Profiling for Success: Why Audience Profiling Matters for Customer Success

Marketing
3 min. read

Benjamin Heavens / June 29, 2017

“Not everything that can be counted counts, and not everything that counts can be counted.” — Albert Einstein

In the world of marketing, understanding your audience is key for maximizing effective output and impact. The more you know (or can find out), the better, and your messaging stands a far greater chance of resonating with your target customers.

Profiling your audience, whether to validate assumptions or for pure inspiration, has never been more crucial to get right in the age of the consumer. From client briefs or pitches right through to direct advertising campaigns and channel planning, the rules are the same:

  1. Treat your target audience as people not numbers.
  2. Understand what they’re doing and why they’re doing it.
  3. Build your activities and success metrics around this.
  4. Track the success of your work against your metrics.

This is a simple way to break this thought process down, and it’s a good way to look at it when analyzing the relationship between audience profiling and Customer Success.

What is Customer Success?

Customer Success is still a relatively new term in the business world, causing lots of “Isn’t that Customer Support?” and “Isn’t that what the Account Manager does?” questions — both of which can be answered with a resounding “No.”.

Customer Success focuses on the users first and foremost. This is opposed to the Account Manager/commercial relationship holder, who tends to work closest with key stakeholders. When it comes to explaining the differences between Customer Success and Customer Support, I always use this phrase: A customer/user will always contact you when they need help or they are stuck when using your product/service — Support.

A customer/user will never write in to tell you they’re not using your product; you just won’t hear from them again! — Success”.

The tasks and remits of Customer Success can vary quite significantly from one organization to another, but they can ultimately be summarized in the following key points, all based around a proactive approach, rather than a reactive one:

  • Implementation (of your product/service).
  • Adoption & education (of your product/service).
  • Retention & growth (usually without direct involvement with the commercial relationship).

As I mention above, the Customer Success team tend to focus on end users, very much taking a “one-to-many” approach. This enables CSMs (Customer Success Managers) to be far more effective in their reach to end users, whilst still providing a quality, personalized experience for the user .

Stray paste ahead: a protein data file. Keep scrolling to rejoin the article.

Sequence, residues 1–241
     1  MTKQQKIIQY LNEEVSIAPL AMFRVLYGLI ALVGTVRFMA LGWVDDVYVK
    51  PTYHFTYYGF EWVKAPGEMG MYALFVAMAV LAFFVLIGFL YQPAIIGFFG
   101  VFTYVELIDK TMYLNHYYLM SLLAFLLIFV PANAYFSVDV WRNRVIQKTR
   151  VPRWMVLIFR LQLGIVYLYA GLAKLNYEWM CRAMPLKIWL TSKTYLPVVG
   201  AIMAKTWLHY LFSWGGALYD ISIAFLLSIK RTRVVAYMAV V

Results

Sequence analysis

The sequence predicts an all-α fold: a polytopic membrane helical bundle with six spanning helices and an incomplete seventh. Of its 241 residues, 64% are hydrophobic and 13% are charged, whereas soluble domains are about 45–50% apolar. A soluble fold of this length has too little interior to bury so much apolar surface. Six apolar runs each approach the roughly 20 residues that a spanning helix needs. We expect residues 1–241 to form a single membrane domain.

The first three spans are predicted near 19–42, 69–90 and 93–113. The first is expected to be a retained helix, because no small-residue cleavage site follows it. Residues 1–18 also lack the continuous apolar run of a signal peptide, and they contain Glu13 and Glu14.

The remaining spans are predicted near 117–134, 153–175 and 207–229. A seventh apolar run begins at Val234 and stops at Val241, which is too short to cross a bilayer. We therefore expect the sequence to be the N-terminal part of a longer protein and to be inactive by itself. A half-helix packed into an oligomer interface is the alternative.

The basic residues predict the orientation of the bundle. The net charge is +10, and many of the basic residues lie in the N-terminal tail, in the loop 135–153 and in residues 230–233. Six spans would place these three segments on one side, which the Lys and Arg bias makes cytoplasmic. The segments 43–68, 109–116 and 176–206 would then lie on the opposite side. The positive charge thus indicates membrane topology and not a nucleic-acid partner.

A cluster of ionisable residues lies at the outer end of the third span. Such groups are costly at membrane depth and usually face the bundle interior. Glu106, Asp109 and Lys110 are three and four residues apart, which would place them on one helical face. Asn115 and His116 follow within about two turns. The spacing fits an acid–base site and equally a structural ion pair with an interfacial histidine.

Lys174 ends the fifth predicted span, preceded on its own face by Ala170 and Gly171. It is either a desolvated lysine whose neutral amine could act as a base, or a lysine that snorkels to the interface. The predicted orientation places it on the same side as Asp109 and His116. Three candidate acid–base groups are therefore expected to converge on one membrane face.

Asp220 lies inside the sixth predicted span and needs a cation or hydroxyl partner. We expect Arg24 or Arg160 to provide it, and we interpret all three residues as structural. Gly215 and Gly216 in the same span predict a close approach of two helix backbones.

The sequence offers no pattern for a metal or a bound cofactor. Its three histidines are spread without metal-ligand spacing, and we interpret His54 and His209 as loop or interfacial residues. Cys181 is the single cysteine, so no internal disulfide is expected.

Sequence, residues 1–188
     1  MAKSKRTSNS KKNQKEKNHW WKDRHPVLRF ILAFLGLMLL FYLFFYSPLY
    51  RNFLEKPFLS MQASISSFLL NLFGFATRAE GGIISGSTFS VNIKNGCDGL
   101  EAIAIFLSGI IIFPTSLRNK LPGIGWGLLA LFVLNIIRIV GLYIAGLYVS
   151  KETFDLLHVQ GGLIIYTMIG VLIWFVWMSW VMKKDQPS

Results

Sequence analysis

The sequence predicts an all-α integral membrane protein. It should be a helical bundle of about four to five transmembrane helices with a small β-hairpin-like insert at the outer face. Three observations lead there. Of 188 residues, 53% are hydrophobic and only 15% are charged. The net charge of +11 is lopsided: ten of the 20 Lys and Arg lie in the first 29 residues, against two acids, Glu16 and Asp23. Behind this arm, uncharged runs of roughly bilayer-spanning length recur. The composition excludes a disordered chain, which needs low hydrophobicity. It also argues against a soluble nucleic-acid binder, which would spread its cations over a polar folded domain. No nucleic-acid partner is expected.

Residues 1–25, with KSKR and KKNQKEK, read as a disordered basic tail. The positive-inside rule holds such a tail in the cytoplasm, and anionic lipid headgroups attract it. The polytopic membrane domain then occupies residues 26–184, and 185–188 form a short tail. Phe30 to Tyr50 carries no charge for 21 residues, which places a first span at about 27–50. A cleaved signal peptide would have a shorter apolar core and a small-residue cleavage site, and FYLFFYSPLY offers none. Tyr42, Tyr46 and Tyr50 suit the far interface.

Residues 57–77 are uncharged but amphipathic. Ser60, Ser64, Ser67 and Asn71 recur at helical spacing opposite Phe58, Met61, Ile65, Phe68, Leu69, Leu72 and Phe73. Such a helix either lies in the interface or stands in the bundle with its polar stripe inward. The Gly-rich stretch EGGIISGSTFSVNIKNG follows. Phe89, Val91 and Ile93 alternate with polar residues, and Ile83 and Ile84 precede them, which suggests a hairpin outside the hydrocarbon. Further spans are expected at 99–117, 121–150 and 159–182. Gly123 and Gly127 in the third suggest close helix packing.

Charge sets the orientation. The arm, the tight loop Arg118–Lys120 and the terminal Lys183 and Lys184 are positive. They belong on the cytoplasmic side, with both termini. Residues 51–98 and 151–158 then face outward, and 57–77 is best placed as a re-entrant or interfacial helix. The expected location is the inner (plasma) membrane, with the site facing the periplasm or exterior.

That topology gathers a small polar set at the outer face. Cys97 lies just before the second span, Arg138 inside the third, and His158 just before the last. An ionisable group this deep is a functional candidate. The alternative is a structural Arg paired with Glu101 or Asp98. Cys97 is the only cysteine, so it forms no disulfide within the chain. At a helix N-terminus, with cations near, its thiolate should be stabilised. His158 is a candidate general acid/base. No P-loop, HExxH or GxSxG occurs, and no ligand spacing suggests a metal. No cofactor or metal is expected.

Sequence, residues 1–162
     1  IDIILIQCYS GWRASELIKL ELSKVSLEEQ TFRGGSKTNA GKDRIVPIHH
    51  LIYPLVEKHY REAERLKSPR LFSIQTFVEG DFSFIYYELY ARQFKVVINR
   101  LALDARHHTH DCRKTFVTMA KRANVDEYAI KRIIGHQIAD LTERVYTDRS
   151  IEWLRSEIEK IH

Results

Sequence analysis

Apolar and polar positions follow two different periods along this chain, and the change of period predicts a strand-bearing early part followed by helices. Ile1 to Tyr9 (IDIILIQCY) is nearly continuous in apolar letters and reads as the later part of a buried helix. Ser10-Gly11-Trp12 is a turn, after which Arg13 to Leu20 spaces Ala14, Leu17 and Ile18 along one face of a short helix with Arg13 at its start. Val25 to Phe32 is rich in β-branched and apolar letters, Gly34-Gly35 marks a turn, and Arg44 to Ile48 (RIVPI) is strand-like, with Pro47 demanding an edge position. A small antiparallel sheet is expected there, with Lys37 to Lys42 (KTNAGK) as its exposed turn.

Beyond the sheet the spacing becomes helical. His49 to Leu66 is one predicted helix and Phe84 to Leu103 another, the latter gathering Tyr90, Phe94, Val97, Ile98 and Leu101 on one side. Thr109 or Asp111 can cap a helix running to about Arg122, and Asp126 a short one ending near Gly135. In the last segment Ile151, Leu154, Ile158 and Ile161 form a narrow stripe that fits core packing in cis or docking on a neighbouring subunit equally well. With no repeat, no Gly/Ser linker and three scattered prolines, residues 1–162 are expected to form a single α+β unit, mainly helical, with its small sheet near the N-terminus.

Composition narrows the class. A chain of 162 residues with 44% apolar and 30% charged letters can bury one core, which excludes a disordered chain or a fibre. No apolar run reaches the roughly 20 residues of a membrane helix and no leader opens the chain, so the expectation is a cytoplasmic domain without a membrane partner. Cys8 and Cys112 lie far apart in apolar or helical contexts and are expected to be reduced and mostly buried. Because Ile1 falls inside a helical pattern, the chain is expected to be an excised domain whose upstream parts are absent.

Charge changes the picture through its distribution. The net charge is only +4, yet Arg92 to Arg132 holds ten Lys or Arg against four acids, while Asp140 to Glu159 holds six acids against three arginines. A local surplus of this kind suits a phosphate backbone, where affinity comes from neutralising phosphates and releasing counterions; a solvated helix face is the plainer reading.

Understanding Your ‘Audience’

For the one-to-many approach to work in the world of Customer Success, the CSM needs to understand several key bits of information about their users, or ‘audience’:

  1. Who the users are in their organization — what role do they play?
  2. How they currently work — what’s going to draw them towards your product/service?
  3. What they’re looking to achieve — building success metrics and activities to support these objectives.
  4. How to demonstrate ROI and success to the client — ultimately leading to retention and (preferably) growth.

Likewise, when summarizing the key points for marketing activities in the opening of this post, I’ve kept things quite high level for making the point. Those of you paying attention may have noticed some sincere similarities between the four points for Customer Success processes and the original four I made for marketing activities; understanding who, what and why/how are always first and foremost in both examples.

This consequently leads to a far better, tailored message/education, which then significantly increases the likelihood of engagement from your audience/users.

What stands out as quite a fundamental difference between both audience profiling and Customer Success is how you uncover the important & useful insights about your target recipients. In marketing, there are various vendors providing powerful consumer insights and other such providers offering the software to analyze the data — GlobalWebIndex providing both, as well as giving easy access to run your own custom research and even validating your campaign/advertising effectiveness using GWIQ.

In Customer Success, there are really two key ways to uncover the required knowledge about your target users:

  1. Through fact-finding and discovery questions to both users and key stakeholders — you may even run questionnaires or surveys amongst your user base to uncover this. (Often pieces of this useful information will be uncovered during the sales process.)
  2. Assumption-based segmentation — where you would assume a particular group of users would hold a particular agenda or use-case based on their similarities with other clients from a similar vertical (least accurate).

Measuring the success of your work in Customer Success is also not as clear cut, as it can really be moulded to both the success goals of the customer, and what you track as metrics internally for your Customer Success teams. Using a tool like Gainsight can help you track and measure the trends and successful outputs of your CSMs to identify what is working and what isn’t with your Customer Success efforts and what works best for your company.

The lesson here is quite simple: the more you know about your target ‘audience’, the far greater your chances of success.

Tailor success metrics respectively, correlating with what you uncover about your audience — this way the whole end-to-end process becomes about the individual(s), not about the numbers, and most importantly; they’ll listen to what you have to say.

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